Infinitives Part 2
Commonly, an infinitive is used with the subject it. The sentence structure is "It is + infinitive.…" It refers to the infinitive. This expression is used in many ways.
Both gerunds and infinitive phrases can function as nouns, in a variety of ways. Gerunds and infinitives can follow certain verbs but not others. You need to remember which verbs can be followed by only a gerund or only an infinitive.
- It is time to do math.
- It is common to think that way.
- It is appropriate to keep a low profile.
- It was nice to see you.
- It was my pleasure to meet you.
- It was my honor to have dinner with you.
- It is good to see you.
- It was great to go on a trip with them.
Verbs that can precede only gerunds:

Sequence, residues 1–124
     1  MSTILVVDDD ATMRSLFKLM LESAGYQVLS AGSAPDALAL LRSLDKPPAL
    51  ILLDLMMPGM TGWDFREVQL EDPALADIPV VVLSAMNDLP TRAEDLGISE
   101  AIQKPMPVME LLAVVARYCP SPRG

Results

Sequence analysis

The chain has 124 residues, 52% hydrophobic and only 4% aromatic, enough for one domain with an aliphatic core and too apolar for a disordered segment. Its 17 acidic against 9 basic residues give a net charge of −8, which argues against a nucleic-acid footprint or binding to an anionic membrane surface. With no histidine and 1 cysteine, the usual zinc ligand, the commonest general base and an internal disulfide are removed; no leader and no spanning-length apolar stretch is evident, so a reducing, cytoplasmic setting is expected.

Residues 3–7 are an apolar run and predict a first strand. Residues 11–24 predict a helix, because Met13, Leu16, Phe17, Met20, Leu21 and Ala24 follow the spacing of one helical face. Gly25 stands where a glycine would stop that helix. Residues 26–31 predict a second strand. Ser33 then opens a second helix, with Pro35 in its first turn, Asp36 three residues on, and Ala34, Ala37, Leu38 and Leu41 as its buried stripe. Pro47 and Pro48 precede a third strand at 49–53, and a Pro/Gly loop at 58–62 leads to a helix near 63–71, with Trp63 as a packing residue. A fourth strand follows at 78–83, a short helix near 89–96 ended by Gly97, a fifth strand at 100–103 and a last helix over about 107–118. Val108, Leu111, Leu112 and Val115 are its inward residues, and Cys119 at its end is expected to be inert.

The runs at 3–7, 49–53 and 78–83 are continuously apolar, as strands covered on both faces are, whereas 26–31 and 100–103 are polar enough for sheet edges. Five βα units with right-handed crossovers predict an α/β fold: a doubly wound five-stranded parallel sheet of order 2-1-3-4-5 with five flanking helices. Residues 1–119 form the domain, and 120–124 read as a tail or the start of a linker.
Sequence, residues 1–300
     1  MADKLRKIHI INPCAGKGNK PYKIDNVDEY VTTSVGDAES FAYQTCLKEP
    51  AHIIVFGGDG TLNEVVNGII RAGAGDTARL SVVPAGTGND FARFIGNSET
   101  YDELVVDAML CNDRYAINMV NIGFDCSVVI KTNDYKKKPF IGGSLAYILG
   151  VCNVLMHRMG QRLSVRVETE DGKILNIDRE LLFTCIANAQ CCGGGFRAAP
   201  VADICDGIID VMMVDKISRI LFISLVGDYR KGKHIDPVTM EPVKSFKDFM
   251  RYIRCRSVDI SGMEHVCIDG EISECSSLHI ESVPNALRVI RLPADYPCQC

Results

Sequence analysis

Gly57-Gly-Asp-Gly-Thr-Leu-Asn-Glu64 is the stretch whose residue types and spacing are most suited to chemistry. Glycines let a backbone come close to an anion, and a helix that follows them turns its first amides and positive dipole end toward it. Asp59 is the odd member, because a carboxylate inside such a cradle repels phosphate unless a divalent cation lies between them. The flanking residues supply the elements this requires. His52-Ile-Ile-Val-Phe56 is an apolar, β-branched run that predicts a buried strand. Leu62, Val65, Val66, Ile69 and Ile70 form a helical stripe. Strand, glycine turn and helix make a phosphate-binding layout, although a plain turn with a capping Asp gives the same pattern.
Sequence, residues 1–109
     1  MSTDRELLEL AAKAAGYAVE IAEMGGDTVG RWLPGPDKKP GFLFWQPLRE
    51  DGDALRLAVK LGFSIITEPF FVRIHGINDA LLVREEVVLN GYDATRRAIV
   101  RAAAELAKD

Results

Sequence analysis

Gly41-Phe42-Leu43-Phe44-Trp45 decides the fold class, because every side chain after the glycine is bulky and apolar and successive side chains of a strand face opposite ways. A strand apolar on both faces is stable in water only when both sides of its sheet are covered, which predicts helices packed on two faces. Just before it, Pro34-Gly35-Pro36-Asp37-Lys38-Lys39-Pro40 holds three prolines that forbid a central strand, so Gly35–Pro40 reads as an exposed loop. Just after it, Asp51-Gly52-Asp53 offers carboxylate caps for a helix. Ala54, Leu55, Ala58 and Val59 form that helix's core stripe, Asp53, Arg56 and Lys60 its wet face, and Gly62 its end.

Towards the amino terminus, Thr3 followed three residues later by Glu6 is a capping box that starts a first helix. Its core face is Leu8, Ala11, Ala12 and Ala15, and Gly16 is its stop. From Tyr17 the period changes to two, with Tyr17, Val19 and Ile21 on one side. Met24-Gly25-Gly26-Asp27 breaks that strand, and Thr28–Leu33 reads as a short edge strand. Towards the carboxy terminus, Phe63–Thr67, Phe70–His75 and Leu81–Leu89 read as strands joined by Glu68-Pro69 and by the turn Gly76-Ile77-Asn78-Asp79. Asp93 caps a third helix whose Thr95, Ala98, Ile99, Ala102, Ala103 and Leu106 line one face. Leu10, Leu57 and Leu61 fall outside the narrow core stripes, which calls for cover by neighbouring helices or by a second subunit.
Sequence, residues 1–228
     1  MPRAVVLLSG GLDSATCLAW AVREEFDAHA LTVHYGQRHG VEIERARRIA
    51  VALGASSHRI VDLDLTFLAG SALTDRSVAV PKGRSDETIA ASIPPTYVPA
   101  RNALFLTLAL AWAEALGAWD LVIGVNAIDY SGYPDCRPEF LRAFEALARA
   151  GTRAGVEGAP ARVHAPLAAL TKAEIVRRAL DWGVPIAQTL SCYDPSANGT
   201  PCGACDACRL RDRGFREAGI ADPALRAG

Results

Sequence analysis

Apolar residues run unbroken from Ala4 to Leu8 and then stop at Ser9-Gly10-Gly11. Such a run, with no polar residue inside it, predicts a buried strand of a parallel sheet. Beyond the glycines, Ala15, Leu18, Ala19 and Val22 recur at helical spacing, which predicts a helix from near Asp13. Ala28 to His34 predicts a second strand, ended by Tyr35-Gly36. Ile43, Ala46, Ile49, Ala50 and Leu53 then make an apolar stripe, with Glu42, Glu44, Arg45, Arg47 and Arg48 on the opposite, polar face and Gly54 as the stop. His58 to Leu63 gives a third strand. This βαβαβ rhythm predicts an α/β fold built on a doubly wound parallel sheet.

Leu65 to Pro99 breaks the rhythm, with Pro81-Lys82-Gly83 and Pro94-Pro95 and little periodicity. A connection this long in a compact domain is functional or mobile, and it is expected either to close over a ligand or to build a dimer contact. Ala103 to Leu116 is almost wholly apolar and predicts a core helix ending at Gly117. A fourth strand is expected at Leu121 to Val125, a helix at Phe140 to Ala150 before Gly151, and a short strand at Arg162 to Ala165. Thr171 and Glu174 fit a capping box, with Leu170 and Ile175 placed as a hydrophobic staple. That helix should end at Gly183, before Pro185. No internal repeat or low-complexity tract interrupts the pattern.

consider, suggest, enjoy, deny, avoid, miss, mind, practice, postpone, resist, finish, quit, give up, put off
Verbs that can precede only infinitives:
offer, decide, hope, attempt, promise, agree, afford, deserve, refuse, undertake, learn, fail, seem, appear, tend, pretend, choose, demand, desire, guarantee, claim, manage, determine, expect, want, wish
Verbs that can precede either gerunds or infinitives without changing meanings:
continue, like, love, begin, start, propose, neglect, stand, hate
Verbs that can precede either gerunds or infinitives but change meanings:
forget, remember, stop, try
- I stopped watching the movie. (I no longer watched the movie.)
- I stopped to watch the movie. (I stopped what I was doing to watch the movie.)
Fill in the blanks.
1) I decided (leave) the job.
2) She pretended (know) me.
3) He desires (be) a professor.
4) The company considered (sell) its main building.
5) I expect (win) at this game.
6) Do you enjoy (take) care of your pet?
7) She hopes (go) on a vacation.
8) Did you fail (pass) the exam?
9) They want me (take) this position.
10) It is great (hear) that they agreed (share) the land.
1) to leave
2) to know
3) to be
5) to win
7) to go
8) to pass
9) to take
10) to hear, to share